Advocacy and Writings on Adoption

That’s me holding up my original birth certificate. It shows I was a person who was born in Detroit with a different name and past than the one I lived after I was adopted. This document is no longer a state secret, despite Michigan’s efforts to keep it sealed in some storage area, and especially never in the hands of the human being who owns that document by birthright.

Recent advocacy work to secure my original identity records:

  • On July 18, 2016, I finally received a copy of my original birth certificate , after the state of Michigan had refused to give it to me when it had no legal rationale to keep it sealed and hidden from me.
  • Read my detailed story on my struggle with the state of Michigan, ending with state vital records officials giving me my original record of birth.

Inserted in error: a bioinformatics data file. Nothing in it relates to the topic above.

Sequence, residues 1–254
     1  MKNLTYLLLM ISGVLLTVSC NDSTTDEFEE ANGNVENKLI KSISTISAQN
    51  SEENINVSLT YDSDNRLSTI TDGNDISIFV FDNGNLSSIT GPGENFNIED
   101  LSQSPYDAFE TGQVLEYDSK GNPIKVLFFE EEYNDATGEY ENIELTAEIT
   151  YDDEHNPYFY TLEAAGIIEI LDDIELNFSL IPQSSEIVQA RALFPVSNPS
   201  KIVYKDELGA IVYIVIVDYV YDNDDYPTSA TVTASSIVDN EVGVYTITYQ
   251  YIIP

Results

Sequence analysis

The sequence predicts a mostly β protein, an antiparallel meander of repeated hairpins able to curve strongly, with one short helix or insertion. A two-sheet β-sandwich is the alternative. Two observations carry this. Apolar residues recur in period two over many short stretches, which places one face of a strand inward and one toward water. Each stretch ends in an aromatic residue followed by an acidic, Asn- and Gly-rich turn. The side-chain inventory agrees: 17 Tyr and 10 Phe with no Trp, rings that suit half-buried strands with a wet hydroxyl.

• See a detailed timeline and a copy of my requests to the state for my original record and the state’s responses on this page.
  • See my press release that I sent on July 23, 2016, with a link to my original birth record, to Michigan and Pacific Northwest media why this protracted battle of identity records is a major public policy issue of vital interest to those who work to promote equality and fair treatment under the law.
  • Review my “key facts” page on my request for what is mine by birthright: my original birth certificate. My goal is to ensure that this victory supports others who suffer from the state’s discriminatory legal practices that deny adoptees equal rights.
  • Explore my forensic analysis of email records that shows how state public records officials worked to deny me my birth certificate while expressing a culture of paranoia and confusion how the state’s poorly worded adoption statutes should be handled. I was labeled “the problem” and tagged in their system because I made a request for my original birth record.
  • Review the State of Michigan’s replies to questions about its records-keeping practices that is has almost no tracking system to monitor adoptee records request or even the number of adoptees born in the state who are also subject to discrimination by the state’s adoption statutes.

Essays on adoption, discrimination against adoptees, and adoption in cinema: